New York Times: Immunity to coronavirus may last for years

Reinfection of the coronavirus may not be a major issue after all, as several scientific studies are already showing that the human body can mount a successful, long-lasting immune response. In this article for The New York Times, Apoorva Mandavilli cites a new study conducted by several researchers from the Center for Infectious Disease and Vaccine Research at the La Jolla Institute for Immunology which shows that people who have recovered from COVID-19 still have enough immune cells to fight against another SARS-CoV-2 infection.

Editor’s Note: This new research from La Jolla Institute of Immunology adds to the long list of studies pointing to long-term immunity to SARS-CoV-2 [here are a few other researches, see CNN Report: Immunity to SARS-CoV-2 last for months, Immune memory offers hope for collective immunity]. In fact, several researches are also showing that even those who were not infected with the SARS-CoV-2 had virus-specific antibodies [see New study found pre-existing SARS-CoV-2 immunity in general population].

Note that in the New York Times article below, Mandavilli says that the discovery of the La Jolla research bodes well for vaccine research. What they did not say is that this same research offers support to the natural herd immunity proposal by the Great Barrington Declaration [see The Great Barrington Declaration: Life must return to normal for the healthy, the vulnerable must be protected]. This point is echoed by a comment by Dr. Micheal Yeadon who shared the article on Twitter: “Genuinely good news, but not a surprise. Per the article, those recovered from SARS still have vigorous T-cell responses 17y later. Humans are good at becoming immune to this virus. That’s great. That’s why vaccines work yet will be needed by so few.”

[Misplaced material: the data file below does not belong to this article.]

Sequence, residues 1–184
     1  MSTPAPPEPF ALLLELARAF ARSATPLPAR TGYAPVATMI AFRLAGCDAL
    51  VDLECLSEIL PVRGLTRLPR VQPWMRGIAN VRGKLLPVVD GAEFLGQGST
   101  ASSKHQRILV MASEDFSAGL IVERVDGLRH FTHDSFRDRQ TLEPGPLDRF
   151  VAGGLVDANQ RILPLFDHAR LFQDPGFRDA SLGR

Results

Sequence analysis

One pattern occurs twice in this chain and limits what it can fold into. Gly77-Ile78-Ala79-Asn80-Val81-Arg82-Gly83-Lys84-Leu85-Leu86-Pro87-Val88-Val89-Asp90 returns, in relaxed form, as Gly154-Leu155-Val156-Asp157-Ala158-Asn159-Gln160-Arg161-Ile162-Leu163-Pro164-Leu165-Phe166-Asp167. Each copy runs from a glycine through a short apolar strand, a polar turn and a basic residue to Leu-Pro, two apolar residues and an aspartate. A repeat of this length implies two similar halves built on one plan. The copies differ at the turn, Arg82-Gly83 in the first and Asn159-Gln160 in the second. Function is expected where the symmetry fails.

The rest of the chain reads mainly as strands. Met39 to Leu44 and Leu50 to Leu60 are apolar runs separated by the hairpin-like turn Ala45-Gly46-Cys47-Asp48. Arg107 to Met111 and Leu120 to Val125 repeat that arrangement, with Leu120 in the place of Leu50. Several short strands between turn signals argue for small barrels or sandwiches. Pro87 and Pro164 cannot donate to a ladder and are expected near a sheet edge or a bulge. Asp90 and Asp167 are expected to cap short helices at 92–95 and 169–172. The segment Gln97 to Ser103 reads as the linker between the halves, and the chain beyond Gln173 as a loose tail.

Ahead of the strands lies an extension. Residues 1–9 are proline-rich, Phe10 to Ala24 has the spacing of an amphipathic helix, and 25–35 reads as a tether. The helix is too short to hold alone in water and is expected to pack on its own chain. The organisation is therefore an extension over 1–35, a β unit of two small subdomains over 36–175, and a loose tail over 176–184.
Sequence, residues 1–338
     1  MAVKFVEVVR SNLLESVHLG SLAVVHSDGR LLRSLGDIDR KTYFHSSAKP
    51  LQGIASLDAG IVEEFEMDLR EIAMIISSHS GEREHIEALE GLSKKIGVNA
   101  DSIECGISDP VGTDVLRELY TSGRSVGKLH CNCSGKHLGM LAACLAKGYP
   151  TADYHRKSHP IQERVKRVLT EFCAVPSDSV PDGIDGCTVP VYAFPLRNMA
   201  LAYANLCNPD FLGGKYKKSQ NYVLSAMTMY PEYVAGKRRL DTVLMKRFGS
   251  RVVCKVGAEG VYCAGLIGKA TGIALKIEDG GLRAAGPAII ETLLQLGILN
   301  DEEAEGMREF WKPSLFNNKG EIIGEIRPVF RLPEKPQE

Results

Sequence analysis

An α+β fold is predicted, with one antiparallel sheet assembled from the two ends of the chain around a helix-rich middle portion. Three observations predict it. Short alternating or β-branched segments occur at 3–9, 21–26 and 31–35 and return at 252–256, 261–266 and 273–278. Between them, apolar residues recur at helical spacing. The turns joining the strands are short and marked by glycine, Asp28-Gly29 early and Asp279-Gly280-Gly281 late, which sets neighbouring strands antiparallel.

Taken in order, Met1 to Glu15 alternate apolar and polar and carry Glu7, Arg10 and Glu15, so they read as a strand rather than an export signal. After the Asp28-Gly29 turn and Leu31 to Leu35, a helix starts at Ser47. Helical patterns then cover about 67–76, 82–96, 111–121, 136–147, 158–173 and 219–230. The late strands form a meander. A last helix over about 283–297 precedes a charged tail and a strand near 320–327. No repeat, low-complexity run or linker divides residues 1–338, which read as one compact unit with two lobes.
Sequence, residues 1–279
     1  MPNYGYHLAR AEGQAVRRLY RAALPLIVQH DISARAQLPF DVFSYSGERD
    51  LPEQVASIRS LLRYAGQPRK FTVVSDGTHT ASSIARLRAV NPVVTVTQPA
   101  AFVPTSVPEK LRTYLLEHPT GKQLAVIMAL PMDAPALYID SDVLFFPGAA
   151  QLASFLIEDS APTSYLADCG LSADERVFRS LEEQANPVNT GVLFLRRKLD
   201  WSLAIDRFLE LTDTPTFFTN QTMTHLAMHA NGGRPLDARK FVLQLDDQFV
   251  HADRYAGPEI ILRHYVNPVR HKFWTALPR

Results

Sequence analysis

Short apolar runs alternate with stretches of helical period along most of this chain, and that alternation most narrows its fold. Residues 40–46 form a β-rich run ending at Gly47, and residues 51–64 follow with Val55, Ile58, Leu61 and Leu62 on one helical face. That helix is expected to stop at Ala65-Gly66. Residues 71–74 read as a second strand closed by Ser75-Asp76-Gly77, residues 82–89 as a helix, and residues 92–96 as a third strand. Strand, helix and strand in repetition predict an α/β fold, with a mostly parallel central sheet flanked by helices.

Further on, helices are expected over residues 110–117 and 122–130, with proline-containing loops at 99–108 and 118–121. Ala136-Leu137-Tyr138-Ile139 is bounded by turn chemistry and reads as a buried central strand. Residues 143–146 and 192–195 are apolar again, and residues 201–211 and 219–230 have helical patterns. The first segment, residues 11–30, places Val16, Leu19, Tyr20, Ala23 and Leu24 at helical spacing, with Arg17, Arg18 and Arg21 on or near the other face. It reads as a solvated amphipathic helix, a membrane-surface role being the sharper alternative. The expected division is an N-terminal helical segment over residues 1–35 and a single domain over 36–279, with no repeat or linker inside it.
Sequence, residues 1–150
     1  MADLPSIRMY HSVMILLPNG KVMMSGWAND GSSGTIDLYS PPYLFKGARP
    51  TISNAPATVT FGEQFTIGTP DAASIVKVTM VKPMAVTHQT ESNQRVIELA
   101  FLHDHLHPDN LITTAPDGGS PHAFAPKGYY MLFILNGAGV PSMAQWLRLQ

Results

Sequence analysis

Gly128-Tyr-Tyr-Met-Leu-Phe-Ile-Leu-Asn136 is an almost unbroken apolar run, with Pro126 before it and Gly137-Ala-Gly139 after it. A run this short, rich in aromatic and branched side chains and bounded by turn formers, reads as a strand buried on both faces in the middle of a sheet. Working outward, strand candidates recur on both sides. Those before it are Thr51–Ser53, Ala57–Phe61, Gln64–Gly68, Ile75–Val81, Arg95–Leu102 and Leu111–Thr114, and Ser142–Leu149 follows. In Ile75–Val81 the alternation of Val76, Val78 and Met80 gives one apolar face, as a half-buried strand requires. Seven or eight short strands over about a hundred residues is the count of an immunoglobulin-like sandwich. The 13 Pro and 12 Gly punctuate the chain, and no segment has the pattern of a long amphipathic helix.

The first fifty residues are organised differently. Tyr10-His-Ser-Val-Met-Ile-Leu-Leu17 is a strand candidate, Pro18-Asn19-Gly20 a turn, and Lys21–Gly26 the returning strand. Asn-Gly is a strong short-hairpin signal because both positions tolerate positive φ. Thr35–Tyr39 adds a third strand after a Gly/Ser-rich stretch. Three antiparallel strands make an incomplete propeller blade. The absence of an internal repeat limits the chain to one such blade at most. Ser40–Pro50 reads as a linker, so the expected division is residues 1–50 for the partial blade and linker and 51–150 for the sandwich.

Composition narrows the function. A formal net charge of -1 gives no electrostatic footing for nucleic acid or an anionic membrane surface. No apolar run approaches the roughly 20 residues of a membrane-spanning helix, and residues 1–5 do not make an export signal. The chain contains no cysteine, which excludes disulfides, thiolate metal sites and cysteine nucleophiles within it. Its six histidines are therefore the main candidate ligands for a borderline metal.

If the young and healthy are allowed to live life normally, there is high chance that they will be infected with SARS-CoV-2. And we know that this is actually what is happening now [see WHO: Pandemic has changed, now driven by 20s, 30s, 40s]. With research showing that immunity after SARS-COV-2 infection is long-lasting, infecting the young and healthy is exactly what we want to happen [the young and healthy have low risk of dying from COVID-19, see CDC updates planning scenarios, shows IFR lower than flu].

Isn’t this exactly what herd immunity through vaccines are supposed to do? Allow those who have healthy immune systems to develop immunity against SARS-CoV-2 in order to protect the vulnerable? Why should our governments pay for a 2-dose $10 vaccine whose only goal is to relieve mild to moderate symptoms? [Read COVID-19 vaccine trials will not tell us if it can prevent moderate or severe cases to understand how vaccine trials are designed].

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